Risk happens. Investors were bragging about their tax free gains on the way up, I don’t see why homeowners should get tax funds on the way out as a bailout.

    • Vishal 1 month ago

      The CMHC has produced a dividend that helps offset your taxes, so I don’t know that selling it makes much sense.

    • SR 1 month ago

      I think ever since 2008 the risk paradigm had broken. This is an opportunity for us to fix this and unfortunately unsuspecting people will be burnt.

    • Ida Rab 1 month ago

      Tax free gain? There are capital gains to pay, if you sell, so how tax free?

  • Omar 1 month ago

    This is the Bank of Canada’s fault for telling homebuyers that they would keep rates low until at least next year. How are investors supposed to plan when Tiff is lying to get us to pay more interest to banks?

    • Yusef 1 month ago

      to be fair, if you’re making an investment due diligence is on you. More people need to understand the central bank and politicians aren’t your friends.

    • GERALD SILVA 1 month ago

      If someone tells you to go jump in the lake. Will you, do it?

      • Trevor 1 month ago

        Most people jumped right in line to get those shots when government and media told them to do so…

        Seems like many people blindly follow others..

    • Yoroshiku 1 month ago

      It’s the BOC’s fault for keeping interest rates artificially low for far too many years. The BOC encouraged speculation.

  • Jason Lee 1 month ago

    Agents should be held accountable for telling buyers that rates can’t rise. People that I know that purchased from January to March were all saying their agent is the best, and they said rates can’t rise.

    Greasy used car salespeople make too much money in housing.

    • SR 1 month ago

      Not all agents are equal. I think buyers need to be aware who they take advice from. Most agents have very little financial literacy, how would you expect them to provide proper advice. It matters who you work with, choose wisely.

  • Trader Jim 1 month ago

    Remember, people who bought just two years ago are still sitting on 40% gains or something ridiculous. It was an out of control surge that Tiff said was “Needed,” so let’s not act surprised that it’s happening.

    I own my home and I think we need to see the whole pandemic gains wiped to get back to normal, or we’re going to deal with social unrest and that will be much worse when we have a whole generation begging for change and living in their parents house with nothing to lose, and a delicate system that can no longer pay for itself.

    • Leo 1 month ago

      I don’t think the Liberals mind the young generation owning nothing. It creates a dependency on their handouts which is precisely what they want.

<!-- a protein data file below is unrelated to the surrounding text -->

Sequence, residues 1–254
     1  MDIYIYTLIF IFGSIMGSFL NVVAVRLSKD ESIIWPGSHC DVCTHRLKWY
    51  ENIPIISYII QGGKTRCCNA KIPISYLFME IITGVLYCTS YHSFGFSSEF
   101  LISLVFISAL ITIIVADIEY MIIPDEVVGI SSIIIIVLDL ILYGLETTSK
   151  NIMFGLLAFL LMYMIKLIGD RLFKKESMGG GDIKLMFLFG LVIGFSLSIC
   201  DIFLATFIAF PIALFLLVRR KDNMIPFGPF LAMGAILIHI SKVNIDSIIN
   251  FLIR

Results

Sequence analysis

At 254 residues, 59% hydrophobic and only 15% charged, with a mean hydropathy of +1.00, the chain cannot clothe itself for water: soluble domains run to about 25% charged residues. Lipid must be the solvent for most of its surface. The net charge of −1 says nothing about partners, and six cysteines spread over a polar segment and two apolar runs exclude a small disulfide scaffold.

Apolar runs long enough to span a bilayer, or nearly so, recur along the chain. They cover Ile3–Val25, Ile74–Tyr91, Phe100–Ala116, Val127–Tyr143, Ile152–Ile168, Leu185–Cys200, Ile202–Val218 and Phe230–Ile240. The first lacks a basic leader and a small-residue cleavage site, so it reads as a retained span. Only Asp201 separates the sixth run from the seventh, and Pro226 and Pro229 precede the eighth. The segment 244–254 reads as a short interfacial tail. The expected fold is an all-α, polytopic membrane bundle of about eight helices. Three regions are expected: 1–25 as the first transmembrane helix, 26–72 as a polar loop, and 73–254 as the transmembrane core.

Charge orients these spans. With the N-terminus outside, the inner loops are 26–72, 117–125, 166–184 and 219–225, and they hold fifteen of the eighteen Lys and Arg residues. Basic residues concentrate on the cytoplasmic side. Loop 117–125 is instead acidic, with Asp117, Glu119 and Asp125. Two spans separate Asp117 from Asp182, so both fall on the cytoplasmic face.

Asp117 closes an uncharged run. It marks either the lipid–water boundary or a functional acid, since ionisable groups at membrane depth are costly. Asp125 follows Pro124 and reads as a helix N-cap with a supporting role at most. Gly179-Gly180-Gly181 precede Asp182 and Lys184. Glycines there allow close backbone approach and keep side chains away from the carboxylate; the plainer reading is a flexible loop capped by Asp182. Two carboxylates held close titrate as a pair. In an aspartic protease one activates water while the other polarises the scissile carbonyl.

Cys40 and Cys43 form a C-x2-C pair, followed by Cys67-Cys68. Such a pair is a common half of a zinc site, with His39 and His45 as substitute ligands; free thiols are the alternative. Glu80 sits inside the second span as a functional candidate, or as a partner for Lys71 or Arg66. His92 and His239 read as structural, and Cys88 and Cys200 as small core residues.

• EriktheGreat 1 month ago

    This only impacts those who bought right at the peak. The vast majority of investors and homeowners have insanely profited from the massive house inflation that has occurred. These stats appear scary when you see losses but think about just a few years ago… house prices are probably up 50% in your neighborhood. This reminds me of Canadian Tire sales… they jack up prices from 100 to 200… then run a 25% off sale and offer the product for 150. People are like “yea 25% off!”, too dumb to zoom out a few years a realize its 50% higher than it was a short time ago LOL

  • richard 1 month ago

    the interest rates today that everybody is ranting about are still below the 70 year average. there is an ancient eastern saying that ignorance is the root of all suffering. when are the people responsible ie the bankers going to explain why they were so so low for so so long. the reason was to bail out the banks and financial industry in 09. they have conveniently forgotten that. bankers are the root of the problem.

    • Mis Uszatek 1 month ago

      Jesus..same song again…
      “the interest rates today are still below the 70 year average” … now tell me Einstein how many salaries is needed to pay off average home.
      I would rather pay higher rate (which i can always refi) from low purchase price (which is fixed).

  • Brandon 1 month ago

    The link to the global mortgage regulation article is incorrect.

    • Ricky 1 month ago

      All the ‘I’m so smart, I’m going to flee to the booneys during the pandemic’ are in for a serious reckoning. Not only will prices continue to tank in those areas but demand will evaporate. Those who thought paying 1m+ to live in the middle of nowhere is already experiencing a reality check.

      Power is shifting back to the employers as job losses pile and those that don’t come back to the office are the first in line for layoffs. I’ve first hand see the protests to returning to work from remote diminish as the loudest complainers were the first to be let go.

      Traffic is completely out of control so living 1 or 2 hours away is now closer to 2 or 3 hours of commute. Massive selling pressure will continue for the reactionary buyers in pandemic and likely will form a base on prices in areas where employment is heavily situated.

      “Dont wanna come into the office? Don’t come in at all.”

  • Mr.Ziffle 1 month ago

    Sadly realeste industry is all full of fockers.Each professional is ready to exploit your need for personal gain.They are all on board together from realtor to banker…its a witches coven and your the frog in the pot.